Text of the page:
Here's an intersting article which addresses your point about how moving the f3 lower can lower GD in the audible bandwidth. http://www.trueaudio.com/basslst2.htm
    Konrad,
    That article tells a bit about group delay.
     
  8. DanWiggins

    DanWiggins Second Unit

    Joined:
    Aug 15, 1999
    Messages:
    324
    Likes Received:
    0
    Trophy Points:
    0
    Hi all,
    A couple of things: ChrisA is correct about transient response; it all depends upon the tuning. A well-designed vented box can have better transient response than a poorly designed sealed box. While sealed boxes have the POTENTIAL for better transient response, it does not mean they automatically have it!
    Additionally, be aware that one of Tyler's requirements was a small box; originally we had discussed a 100L vented box, but that was, alas, too big. After discussing acceptable sizes for cabinets, Tyler would like a box in the under 60L range. Thus a smaller sealed cabinet is really the best choice here, since venting that small of a cabinet gains you precious little in terms of extension OR maximum SPL, and costs you in terms of transient response and power handling.
    Dan Wiggins
    Adire Audio
    ------------------
     
  9. Han

    Han Second Unit

    Joined:
    Jan 13, 2001
    Messages:
    262
    Likes Received:
    0
    Trophy Points:
    0
    I've actually order a Shiva + AVA250 combo as well. Is it alright to do this in a seal downfiring method? 16 inch cube or 16x16x20 or so rectangular box? And how much ground clearance should I give it, 2-3 inches?
     
  10. DanWiggins

    DanWiggins Second Unit

    Joined:
    Aug 15, 1999
    Messages:
    324
    Likes Received:
    0
    Trophy Points:
    0
    Han,
    I'd recommend a good 3" clearance on the bottom. And yes, downfiring is perfectly acceptable; all our reference designs have downfiring drivers.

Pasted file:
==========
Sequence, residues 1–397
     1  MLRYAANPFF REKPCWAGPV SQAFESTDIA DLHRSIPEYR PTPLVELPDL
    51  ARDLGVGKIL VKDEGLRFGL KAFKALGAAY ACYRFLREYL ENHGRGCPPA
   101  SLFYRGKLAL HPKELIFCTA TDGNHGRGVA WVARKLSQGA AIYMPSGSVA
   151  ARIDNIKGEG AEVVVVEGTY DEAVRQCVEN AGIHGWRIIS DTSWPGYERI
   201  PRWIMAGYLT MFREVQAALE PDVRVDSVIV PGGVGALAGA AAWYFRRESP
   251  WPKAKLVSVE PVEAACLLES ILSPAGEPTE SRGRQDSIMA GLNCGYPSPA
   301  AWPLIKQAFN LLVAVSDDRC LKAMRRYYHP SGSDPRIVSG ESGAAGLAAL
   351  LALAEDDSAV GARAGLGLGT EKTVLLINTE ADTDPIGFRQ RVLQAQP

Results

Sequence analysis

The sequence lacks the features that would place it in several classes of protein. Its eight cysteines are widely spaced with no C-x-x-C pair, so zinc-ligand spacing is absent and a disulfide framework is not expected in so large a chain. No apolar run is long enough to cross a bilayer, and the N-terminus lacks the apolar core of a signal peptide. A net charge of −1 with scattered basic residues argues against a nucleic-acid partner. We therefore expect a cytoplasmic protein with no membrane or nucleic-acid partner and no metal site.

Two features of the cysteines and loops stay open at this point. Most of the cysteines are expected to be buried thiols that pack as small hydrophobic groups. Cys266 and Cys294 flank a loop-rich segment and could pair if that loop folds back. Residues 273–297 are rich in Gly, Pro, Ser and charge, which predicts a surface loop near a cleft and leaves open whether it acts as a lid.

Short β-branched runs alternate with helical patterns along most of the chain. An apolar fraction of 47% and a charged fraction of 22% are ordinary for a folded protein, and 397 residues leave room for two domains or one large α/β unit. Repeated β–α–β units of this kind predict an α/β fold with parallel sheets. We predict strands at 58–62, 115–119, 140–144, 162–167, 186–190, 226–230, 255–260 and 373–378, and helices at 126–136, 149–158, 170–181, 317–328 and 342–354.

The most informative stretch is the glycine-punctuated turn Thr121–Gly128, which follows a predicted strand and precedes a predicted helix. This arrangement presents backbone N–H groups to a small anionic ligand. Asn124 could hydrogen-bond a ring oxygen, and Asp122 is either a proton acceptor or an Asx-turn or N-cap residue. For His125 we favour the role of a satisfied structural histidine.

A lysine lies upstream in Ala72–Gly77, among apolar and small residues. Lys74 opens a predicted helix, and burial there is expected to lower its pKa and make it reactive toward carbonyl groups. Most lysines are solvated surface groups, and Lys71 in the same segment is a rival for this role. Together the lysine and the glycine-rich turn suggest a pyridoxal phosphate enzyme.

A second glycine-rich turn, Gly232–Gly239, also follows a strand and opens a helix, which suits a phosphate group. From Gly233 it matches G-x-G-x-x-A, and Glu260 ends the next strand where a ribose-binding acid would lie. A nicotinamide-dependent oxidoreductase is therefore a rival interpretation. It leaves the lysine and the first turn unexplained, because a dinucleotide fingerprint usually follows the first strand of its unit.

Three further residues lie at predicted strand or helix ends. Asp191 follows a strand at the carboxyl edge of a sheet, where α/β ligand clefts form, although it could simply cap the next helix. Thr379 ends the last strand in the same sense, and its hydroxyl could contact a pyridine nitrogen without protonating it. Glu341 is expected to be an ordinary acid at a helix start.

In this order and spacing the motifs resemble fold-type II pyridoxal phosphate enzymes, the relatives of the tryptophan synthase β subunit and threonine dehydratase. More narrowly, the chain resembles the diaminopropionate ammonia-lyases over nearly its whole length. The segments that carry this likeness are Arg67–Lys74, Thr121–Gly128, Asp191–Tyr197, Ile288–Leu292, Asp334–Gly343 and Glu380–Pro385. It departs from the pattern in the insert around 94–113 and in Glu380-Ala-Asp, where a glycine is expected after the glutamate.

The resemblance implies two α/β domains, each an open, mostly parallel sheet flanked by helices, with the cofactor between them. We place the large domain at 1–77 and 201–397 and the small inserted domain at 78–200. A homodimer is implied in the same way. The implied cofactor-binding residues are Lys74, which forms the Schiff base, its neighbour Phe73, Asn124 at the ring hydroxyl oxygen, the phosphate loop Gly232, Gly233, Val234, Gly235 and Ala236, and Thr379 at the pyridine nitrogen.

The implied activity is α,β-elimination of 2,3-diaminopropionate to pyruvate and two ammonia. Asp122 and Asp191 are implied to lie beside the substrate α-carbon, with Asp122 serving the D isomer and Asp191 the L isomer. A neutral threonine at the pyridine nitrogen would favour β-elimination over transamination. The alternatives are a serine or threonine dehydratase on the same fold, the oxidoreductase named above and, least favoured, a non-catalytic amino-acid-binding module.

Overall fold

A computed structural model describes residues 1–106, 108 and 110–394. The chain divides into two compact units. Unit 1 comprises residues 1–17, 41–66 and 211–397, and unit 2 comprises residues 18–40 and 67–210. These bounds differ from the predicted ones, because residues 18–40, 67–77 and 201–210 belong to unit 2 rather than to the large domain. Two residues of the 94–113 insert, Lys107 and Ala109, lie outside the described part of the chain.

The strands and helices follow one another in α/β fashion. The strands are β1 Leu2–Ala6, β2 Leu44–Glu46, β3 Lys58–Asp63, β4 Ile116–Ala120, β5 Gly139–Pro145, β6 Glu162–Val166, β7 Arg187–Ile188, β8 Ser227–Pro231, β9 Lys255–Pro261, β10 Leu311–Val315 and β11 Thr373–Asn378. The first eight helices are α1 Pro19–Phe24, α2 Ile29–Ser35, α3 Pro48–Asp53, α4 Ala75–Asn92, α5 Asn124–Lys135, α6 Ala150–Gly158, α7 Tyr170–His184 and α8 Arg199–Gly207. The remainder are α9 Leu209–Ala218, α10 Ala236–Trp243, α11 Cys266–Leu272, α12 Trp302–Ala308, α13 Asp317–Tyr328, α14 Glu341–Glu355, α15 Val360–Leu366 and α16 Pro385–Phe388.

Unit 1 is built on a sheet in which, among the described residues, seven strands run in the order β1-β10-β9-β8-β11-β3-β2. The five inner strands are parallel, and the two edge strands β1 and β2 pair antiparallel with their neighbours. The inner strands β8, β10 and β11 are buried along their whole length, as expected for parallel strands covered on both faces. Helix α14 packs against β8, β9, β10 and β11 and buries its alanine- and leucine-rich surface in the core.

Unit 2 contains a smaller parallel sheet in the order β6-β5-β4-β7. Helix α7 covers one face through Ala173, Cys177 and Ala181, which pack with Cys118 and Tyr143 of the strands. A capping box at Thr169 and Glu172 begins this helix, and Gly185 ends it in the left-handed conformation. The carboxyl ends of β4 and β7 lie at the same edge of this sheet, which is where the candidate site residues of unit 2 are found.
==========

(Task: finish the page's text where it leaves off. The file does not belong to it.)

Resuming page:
Dan Wiggins
    Adire Audio
    ------------------
     
  11. Brandon B

    Brandon B Second Unit

    Joined:
    Mar 23, 2001
    Messages:
    263
    Likes Received:
    0
    Trophy Points:
    0
    Chris
    I posted the link above. Since I am pretty new to this stuff, it had seemed a pretty informative page to me. If the more knowledgeable posters here think this is a poor page, I'll rerain from referring people to it in the future.
    Or is it pretty good with maybe a disclaimer about the misinfo on ported enclosures?
    BB
     
  12. ChrisA

    ChrisA Second Unit

    Joined:
    Nov 25, 1999
    Messages:
    478
    Likes Received:
    0
    Trophy Points:
    0
    I just think that one sentence that I quoted above is misleading and needs to be re-written in the sense of what Dan, myself and the others have written. It seems to be decent otherwise.
    I do think its funny how glorified that Ariel sub is when anyone could spank it. If only would could convince more people to take the DIY plunge. The Aerial 10T cabinet rigidity and crossbrassing scheme are just poor compared to what is available as a DIY materials and method, and as you mention, the port diameter is too small. A DIY'er would increas the cabinet volume slightly, increase the depth of the cabinet, and also thereby allow for a larger diameter port...
    ------------------
    Pictures: The Worm Hole Theater featuring the Black Hole Subs and Death Star Platform
     
  13. Jack Gilvey

    Jack Gilvey Producer

    Joined:
    Mar 13, 1999
    Messages:
    4,948
    Likes Received:
    0
    Trophy Points:
    0
    I'd agree about the Ariel, Chris. I brought up that point over on this board:
    http://208.186.16.166/cfb/index.cfm?...226&StartRow=1
    ...and was met with vehement disagreement. The guy who disagreed admitted to knowing nothing about DIY, though. I find that the level of informed technical discourse of a board reflects the vitality of its DIY community. It's nonexistent on that board, it seems.
    People find it extremely hard to comprehend, given the prices charged for these commercial subs, that they can be outdone for a fraction of the cost,but it's almost always a case of commercial compromises due to size.
     
  14. Hank Frankenberg

    Hank Frankenberg Cinematographer

    Joined:
    Oct 13, 1998
    Messages:
    2,573
    Likes Received:
    0
    Trophy Points:
    0
    Yes, "...commercial compromizes due to size..." is EXACTLY the problem with basing subwoofer purchase OR design decisions on what you see in retail stores. The shipping costs of a subwoofer are determined by its size/weight, and are a significant percent of its cost to a manufacturer, distributor and dealer. The result is undersized cabinets at retail, and therefore, "boomy" one-note bass from most vented designs. If you can accomodate the correct cabinet size, a vented design, as pointed out above, can be as "fast" as a sealed design. That being said, if small cabinet size is the limiting factor, sealed is it.
     

Share This Page